Day Of The Independent City Of Ceuta
The Day of Ceuta is a public holiday that’s observed annually in the autonomous city of Ceuta on the 2nd of September each year. This holiday commemorates the date when Pedro de Menezes took the city from King John I of Portugal in 1415. This holiday is known in Spanish as Dia de Ceuta, and it’s observed with a wide variety of events that include picnics, parties, and flag-raising ceremonies.
It’s also a day off for the general public and a day on which businesses, schools, and non-essential government offices are closed. It’s also a day when public transportation operates on a reduced schedule.
The History Of Day Of Ceuta
Because of its location on the northern African coast, Ceuta has historically been an important strategic location on the strait of Gibraltar. This has resulted in the city and the surrounding area being controlled by several empires over the last few thousand years. This includes the Carthaginians, Romans, and the Byzantine Empire. During the 8th century, it would come under Muslim control.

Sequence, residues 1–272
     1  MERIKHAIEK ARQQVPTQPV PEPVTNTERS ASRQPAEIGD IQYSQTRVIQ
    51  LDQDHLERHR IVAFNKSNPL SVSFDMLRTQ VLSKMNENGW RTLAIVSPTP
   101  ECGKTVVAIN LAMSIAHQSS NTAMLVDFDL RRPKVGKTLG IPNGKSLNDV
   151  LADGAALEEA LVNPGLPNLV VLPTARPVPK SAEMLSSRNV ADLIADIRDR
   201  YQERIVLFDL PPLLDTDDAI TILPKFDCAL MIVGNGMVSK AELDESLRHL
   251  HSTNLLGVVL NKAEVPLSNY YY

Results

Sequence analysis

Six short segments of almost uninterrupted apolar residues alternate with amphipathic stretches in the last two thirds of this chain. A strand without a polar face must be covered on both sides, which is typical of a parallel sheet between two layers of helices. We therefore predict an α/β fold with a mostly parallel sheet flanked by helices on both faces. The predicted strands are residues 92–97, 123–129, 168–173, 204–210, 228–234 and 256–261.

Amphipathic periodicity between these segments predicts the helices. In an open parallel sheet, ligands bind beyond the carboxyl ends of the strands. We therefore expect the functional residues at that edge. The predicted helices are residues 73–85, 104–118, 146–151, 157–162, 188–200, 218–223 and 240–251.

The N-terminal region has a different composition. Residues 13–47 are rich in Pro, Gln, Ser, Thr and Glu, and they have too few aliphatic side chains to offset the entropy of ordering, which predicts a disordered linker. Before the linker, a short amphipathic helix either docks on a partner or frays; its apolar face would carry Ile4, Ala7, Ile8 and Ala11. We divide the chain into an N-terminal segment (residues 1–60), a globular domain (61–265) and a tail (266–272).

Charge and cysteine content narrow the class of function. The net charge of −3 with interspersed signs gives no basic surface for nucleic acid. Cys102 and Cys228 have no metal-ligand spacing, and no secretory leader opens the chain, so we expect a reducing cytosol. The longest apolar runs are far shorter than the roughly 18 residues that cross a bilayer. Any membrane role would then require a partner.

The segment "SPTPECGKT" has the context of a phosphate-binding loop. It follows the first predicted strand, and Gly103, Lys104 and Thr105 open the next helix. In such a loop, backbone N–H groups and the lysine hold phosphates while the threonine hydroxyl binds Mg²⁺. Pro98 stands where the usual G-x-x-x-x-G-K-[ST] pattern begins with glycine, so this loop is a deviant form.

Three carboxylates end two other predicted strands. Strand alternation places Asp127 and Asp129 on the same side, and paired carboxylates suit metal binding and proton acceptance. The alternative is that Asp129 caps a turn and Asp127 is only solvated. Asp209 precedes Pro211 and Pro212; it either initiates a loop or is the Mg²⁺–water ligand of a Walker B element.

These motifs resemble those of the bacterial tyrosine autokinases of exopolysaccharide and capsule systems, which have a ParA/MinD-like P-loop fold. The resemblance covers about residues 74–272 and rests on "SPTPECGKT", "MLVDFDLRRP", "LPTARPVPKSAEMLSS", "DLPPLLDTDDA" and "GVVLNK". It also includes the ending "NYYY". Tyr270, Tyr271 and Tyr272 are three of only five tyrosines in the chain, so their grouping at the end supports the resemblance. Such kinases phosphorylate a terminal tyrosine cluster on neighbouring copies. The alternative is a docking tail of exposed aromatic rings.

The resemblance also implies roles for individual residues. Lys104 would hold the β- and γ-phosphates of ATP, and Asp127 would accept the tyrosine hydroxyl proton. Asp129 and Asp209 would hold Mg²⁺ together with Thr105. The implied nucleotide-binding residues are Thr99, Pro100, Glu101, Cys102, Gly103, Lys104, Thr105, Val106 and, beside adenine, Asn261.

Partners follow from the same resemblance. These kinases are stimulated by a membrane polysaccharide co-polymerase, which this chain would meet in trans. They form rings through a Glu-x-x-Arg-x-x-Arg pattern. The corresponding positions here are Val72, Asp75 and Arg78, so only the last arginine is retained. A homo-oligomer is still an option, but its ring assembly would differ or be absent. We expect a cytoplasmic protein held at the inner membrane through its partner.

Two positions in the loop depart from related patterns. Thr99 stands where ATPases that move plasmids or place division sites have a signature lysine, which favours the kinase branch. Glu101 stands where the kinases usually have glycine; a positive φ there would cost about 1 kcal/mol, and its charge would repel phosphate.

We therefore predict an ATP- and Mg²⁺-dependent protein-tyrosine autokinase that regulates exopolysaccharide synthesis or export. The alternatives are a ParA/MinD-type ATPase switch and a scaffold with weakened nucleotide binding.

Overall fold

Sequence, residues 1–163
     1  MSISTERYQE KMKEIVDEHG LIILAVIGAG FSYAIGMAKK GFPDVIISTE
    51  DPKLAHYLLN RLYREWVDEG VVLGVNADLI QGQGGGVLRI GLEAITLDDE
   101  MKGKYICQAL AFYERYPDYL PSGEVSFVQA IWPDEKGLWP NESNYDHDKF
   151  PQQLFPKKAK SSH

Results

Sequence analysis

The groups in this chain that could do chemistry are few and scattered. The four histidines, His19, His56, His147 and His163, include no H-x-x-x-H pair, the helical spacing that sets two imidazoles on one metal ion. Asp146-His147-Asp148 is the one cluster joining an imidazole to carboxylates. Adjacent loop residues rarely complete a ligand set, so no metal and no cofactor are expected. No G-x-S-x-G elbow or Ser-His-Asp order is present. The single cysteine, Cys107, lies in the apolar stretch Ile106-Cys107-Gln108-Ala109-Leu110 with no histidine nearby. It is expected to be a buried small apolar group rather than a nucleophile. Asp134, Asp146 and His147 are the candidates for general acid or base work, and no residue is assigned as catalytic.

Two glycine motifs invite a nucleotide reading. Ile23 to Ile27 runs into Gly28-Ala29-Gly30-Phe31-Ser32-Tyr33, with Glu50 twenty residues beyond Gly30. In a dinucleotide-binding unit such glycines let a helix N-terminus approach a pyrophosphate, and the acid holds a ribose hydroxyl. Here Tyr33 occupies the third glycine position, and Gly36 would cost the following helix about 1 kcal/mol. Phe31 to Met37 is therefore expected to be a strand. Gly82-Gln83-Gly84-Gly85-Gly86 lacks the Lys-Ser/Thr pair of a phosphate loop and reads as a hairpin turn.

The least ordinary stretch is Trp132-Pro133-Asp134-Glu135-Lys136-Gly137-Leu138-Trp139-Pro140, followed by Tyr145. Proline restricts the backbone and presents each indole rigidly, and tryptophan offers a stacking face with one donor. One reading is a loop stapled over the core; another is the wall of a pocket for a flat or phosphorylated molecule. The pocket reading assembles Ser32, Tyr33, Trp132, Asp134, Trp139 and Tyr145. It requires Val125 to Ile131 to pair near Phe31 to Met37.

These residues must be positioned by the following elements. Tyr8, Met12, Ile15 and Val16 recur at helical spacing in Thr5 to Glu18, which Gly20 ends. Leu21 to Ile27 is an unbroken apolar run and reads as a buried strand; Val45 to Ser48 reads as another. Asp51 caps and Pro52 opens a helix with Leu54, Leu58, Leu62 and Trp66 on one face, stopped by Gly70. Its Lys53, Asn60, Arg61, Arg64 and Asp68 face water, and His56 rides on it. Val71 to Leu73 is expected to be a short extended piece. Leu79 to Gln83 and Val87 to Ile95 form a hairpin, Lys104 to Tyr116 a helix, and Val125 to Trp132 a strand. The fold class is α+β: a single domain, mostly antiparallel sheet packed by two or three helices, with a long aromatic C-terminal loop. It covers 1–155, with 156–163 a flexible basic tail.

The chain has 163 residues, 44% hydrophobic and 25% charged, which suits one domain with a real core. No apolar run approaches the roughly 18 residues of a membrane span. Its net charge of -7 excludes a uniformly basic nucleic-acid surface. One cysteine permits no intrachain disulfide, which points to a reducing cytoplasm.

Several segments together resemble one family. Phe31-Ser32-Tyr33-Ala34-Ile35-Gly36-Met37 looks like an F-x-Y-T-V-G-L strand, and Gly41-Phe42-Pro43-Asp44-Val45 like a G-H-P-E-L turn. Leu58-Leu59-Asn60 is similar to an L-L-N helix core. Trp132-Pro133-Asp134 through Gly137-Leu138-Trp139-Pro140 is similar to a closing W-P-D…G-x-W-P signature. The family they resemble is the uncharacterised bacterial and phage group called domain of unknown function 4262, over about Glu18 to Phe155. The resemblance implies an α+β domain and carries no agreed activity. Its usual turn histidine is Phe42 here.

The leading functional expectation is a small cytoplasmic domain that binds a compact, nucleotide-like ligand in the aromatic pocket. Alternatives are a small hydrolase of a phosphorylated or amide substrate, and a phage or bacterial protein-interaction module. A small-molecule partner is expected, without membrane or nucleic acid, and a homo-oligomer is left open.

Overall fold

During the 15th century, King John I of Portugal launched an attack on the area during a conflict that was known as the Conquest of Ceuta. Afterward, the Flag of Lisbon was adopted as Ceuta’s flag, with the only design difference being Portugal’s coat of arms being added to the center of it. That flag is still used by Ceuta to this day. Under the Treaty of Lisbon, Ceuta would be ceded to King Carlos II of Spain in 1668. The Day of Ceuta was made an official holiday in 1998.
Observing The Day Of Ceuta
Because this is a public holiday, a lot of businesses are closed. However, some businesses such as grocery stores or bakeries may remain open on this day. It’s a day when many people use the extra day off to visit the park or to spend some time with their loved ones. It’s also a holiday that some people use to protest the current government.